Sudbay (AmBlog): WH Communications Director: 'With 59 Senators, it is mathematically impossible for Democrats to do everything on their own.'

Found this little gem via Greg Sargent:

And [White House Communications Director] Dan Pfeiffer tells Politico that the White House will step up efforts to spotlight GOP obstructionism, but this quote may irk folks a bit:
“With 59 Senators, it is mathematically impossible for Democrats to do everything on their own."
Some will respond that it’s only mathematically impossible if Dems accept the filibuster as an inevitable fact of life, rather than something that might be campaigned against and changed. But the White House doesn’t appear to have an appetite for doing that.
It irks me. Apparently, the White House accepts the fact that Senate Republicans will filibuster every single legislative item. Or, they accept the fact that the Senate Republicans have no fear of repercussions for obstructing the Democrats' agenda because the President doesn't make them pay a price. Mitch McConnell is putting his political interests above the well-being of the nation. We're in two wars and slowly climbing out of the Great Recession (maybe.) But, there's no price to pay for blocking everything and anything in the Senate. Obama should be picking the GOPers off one-by-one. And, he should spend some time in Maine to let everyone up there know the games that the two alleged Republican moderates are playing with our nation's future.

Thern there are the Democratic obstructionists who not only don't get called out, they get rewarded for their bad behavior. Ben Nelson, Mary Landrieu and Joe Lieberman come to mind.

Remember how George Bush whined about the mathematical impossibility of doing anything when he only had 49 GOP Senators for most of the first two years of his first term? I don't either. As John noted earlier this month, during Bush's presidency, the most Republican Senators he had to work with was 55.

On the good news front, Chris Bowers reports that David Axelrod seemed somewhat amenable to efforts to supporting a change in the filibuster rules for the next Congress.

Benen: PAYGO

In case we needed additional evidence that bipartisanship is pretty much impossible, we got some yesterday.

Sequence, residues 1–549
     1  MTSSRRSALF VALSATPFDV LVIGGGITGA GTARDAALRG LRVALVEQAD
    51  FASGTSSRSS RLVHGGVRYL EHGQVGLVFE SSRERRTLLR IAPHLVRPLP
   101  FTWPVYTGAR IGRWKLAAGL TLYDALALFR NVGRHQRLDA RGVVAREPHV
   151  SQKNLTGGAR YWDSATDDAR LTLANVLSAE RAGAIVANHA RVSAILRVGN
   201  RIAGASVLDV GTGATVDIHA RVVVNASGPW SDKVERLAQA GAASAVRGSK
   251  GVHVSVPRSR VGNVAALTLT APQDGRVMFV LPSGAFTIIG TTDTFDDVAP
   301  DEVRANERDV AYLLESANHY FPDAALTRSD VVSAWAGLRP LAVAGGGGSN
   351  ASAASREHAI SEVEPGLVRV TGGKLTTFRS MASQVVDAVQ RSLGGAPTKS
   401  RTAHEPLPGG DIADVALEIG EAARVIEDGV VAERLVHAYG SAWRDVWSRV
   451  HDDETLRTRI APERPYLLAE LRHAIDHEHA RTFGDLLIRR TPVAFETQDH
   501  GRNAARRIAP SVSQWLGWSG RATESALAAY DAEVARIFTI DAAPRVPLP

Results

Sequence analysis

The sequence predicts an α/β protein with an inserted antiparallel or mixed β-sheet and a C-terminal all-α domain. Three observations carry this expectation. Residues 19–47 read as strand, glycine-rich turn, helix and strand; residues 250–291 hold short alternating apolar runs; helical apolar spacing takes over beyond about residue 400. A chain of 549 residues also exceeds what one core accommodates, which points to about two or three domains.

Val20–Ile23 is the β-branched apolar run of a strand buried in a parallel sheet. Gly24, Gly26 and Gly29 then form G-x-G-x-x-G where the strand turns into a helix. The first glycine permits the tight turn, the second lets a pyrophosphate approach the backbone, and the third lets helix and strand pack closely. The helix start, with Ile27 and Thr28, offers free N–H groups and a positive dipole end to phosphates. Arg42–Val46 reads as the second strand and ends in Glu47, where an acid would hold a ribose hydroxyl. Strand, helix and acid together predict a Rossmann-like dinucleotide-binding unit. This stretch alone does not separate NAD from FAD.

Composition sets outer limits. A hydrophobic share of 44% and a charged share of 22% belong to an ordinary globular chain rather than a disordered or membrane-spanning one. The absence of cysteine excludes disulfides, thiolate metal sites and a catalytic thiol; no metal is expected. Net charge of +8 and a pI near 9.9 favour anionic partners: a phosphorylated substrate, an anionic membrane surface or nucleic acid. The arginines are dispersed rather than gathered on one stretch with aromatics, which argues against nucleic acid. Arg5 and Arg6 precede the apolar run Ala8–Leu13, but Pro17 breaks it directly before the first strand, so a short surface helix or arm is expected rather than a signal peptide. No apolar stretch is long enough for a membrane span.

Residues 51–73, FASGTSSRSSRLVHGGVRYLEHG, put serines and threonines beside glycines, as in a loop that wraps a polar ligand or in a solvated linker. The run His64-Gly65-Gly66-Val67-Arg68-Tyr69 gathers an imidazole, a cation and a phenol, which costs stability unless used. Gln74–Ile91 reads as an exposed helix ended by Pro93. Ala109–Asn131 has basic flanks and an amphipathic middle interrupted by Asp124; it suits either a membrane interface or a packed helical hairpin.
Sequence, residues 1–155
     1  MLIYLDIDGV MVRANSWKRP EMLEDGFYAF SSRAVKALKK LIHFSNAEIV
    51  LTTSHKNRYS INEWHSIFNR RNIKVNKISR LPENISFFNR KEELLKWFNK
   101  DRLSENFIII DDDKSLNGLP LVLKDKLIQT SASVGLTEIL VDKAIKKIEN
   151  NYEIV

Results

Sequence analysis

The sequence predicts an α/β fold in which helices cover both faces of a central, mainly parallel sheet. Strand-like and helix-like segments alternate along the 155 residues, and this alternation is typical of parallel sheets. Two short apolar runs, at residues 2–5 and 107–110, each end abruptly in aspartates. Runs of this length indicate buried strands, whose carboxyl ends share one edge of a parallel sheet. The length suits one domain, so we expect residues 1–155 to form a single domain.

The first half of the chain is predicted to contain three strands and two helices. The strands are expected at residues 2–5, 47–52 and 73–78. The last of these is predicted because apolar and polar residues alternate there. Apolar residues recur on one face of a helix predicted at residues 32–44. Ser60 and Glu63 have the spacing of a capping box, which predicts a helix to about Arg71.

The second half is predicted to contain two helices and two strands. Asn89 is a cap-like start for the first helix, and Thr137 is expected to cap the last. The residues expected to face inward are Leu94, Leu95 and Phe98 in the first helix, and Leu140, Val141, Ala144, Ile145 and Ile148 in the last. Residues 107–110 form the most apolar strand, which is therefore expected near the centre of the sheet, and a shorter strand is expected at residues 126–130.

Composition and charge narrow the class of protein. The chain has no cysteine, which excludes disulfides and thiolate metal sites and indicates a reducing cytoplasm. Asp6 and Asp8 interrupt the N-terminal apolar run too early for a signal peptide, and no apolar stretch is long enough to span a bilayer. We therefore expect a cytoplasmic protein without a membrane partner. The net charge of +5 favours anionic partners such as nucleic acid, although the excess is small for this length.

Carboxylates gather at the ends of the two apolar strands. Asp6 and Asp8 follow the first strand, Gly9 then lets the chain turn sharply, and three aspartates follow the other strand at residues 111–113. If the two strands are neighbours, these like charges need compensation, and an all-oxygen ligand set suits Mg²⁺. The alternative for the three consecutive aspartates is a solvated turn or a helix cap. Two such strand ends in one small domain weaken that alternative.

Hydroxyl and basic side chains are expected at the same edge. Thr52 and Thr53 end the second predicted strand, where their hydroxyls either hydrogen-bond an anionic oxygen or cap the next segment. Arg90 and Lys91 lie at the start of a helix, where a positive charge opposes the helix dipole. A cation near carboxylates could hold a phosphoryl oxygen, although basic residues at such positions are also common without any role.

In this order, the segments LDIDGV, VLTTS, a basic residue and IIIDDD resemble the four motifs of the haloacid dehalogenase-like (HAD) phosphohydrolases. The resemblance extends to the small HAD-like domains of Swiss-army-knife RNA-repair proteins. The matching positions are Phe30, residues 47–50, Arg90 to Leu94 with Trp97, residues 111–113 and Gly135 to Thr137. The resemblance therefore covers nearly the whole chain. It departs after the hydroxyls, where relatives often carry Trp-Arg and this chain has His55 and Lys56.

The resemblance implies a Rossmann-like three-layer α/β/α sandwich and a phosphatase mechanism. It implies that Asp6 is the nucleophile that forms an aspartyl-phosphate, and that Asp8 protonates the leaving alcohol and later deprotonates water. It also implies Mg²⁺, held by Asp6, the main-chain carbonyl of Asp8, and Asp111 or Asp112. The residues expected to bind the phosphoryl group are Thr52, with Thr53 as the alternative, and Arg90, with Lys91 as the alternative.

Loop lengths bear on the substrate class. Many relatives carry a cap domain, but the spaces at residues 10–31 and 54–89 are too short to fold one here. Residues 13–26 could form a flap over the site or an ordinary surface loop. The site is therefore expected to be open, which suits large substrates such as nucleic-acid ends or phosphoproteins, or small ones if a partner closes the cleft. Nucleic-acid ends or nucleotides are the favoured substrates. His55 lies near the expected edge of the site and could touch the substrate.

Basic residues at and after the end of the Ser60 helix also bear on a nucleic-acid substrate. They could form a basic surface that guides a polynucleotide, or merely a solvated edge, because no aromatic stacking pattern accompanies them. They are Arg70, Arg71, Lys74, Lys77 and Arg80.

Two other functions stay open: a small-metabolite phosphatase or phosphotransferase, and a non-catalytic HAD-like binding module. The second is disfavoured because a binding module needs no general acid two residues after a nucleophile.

The Senate took a vote on extending the federal debt ceiling -- without which the United States would go into default. All 40 Republicans voted no.

The Senate took a vote on requiring Congress not to pass legislation that it can't pay for. All 40 Republicans voted no.

The Senate took a final vote on passing the overall plan. Thirty-nine Republicans voted no. The 40th, Sen. Mike Enzi (R-Wyo.), skipped the vote.

The paygo vote was especially ridiculous. The idea is to "impose a requirement that key parts of the budget must be paid for with spending cuts or tax increases to prevent the federal deficit from increasing." It's known as the pay-as-you-go approach, or "paygo" -- if policymakers are going to increase spending or cut taxes, they have to figure out a way to pay for it at the time.

A similar rule was in place during the Clinton era, when the deficit was eliminated altogether. Republicans -- you know, the ones who claim to have the high ground on fiscal responsibility -- scrapped paygo in 2002. Soon after, GOP policymakers stopped trying to pay for their policies, and Republicans quickly added $5 trillion to the national debt, and left a $1.4 trillion deficit for Democrats to clean up.

As part of the effort to address the GOP's mess, Democrats have embraced paygo as a matter of common sense. President Obama, in his State of the Union address, urged Congress this week to "restore the pay-as-you-go law that was a big reason for why we had record surpluses in the 1990s."

Just a few years ago, a handful of Senate Republicans -- Olympia Snowe, Susan Collins, George Voinovich, and John McCain -- argued that paygo should be brought back. They were unsuccessful in persuading their Republican colleagues at the time, and yesterday, they voted with their Republican colleagues to reject the idea that they'd already embraced.

And that, in a nutshell, is why the notion of bipartisanship with a failed and discredited minority is so hard to take seriously. GOP lawmakers are so reflexive in saying "no" to everything, they end up opposing ideas they support, and at that point, reason has no meaning.


From Fall 2008 through Summer 2009, the nation's gross domestic product retreated. The four consecutive negative quarters was the longest since the government began keeping track six decades ago.

In the fourth quarter of 2009 -- from October to December -- the U.S. economy saw its best performance in a long while. There are, however, some caveats to the good news.

The United States economy grew at its fastest pace in over six years at the end of 2009, but a sluggish job market is still souring economists on the sustainability of the recovery.

Gross domestic product expanded at an annual rate of 5.7 percent in the fourth quarter, well above analysts' expectations. It had grown at an annualized rate of 2.2 percent in the previous quarter.

After struggling for so long, a 5.7% rate looks like an economy that's finally roaring back to life. The AP added that the growth is "the strongest evidence to date that the worst recession since the 1930s ended last year."

That's the good news. The bad news is that the 5.7% number, while obviously heartening, may be a little misleading. Expect to hear a lot about something called an "inventory bounce."

Many economists ... warn against reading too much into a jump in GDP figures for the last three months of 2009. Ed Yardeni, president of Yardeni Research, said that even if there were no change in final sales of goods, the GDP figures would show a 4 percent increase simply because businesses that were emptying their warehouses a year ago are now buying enough goods to keep stockpiles steady.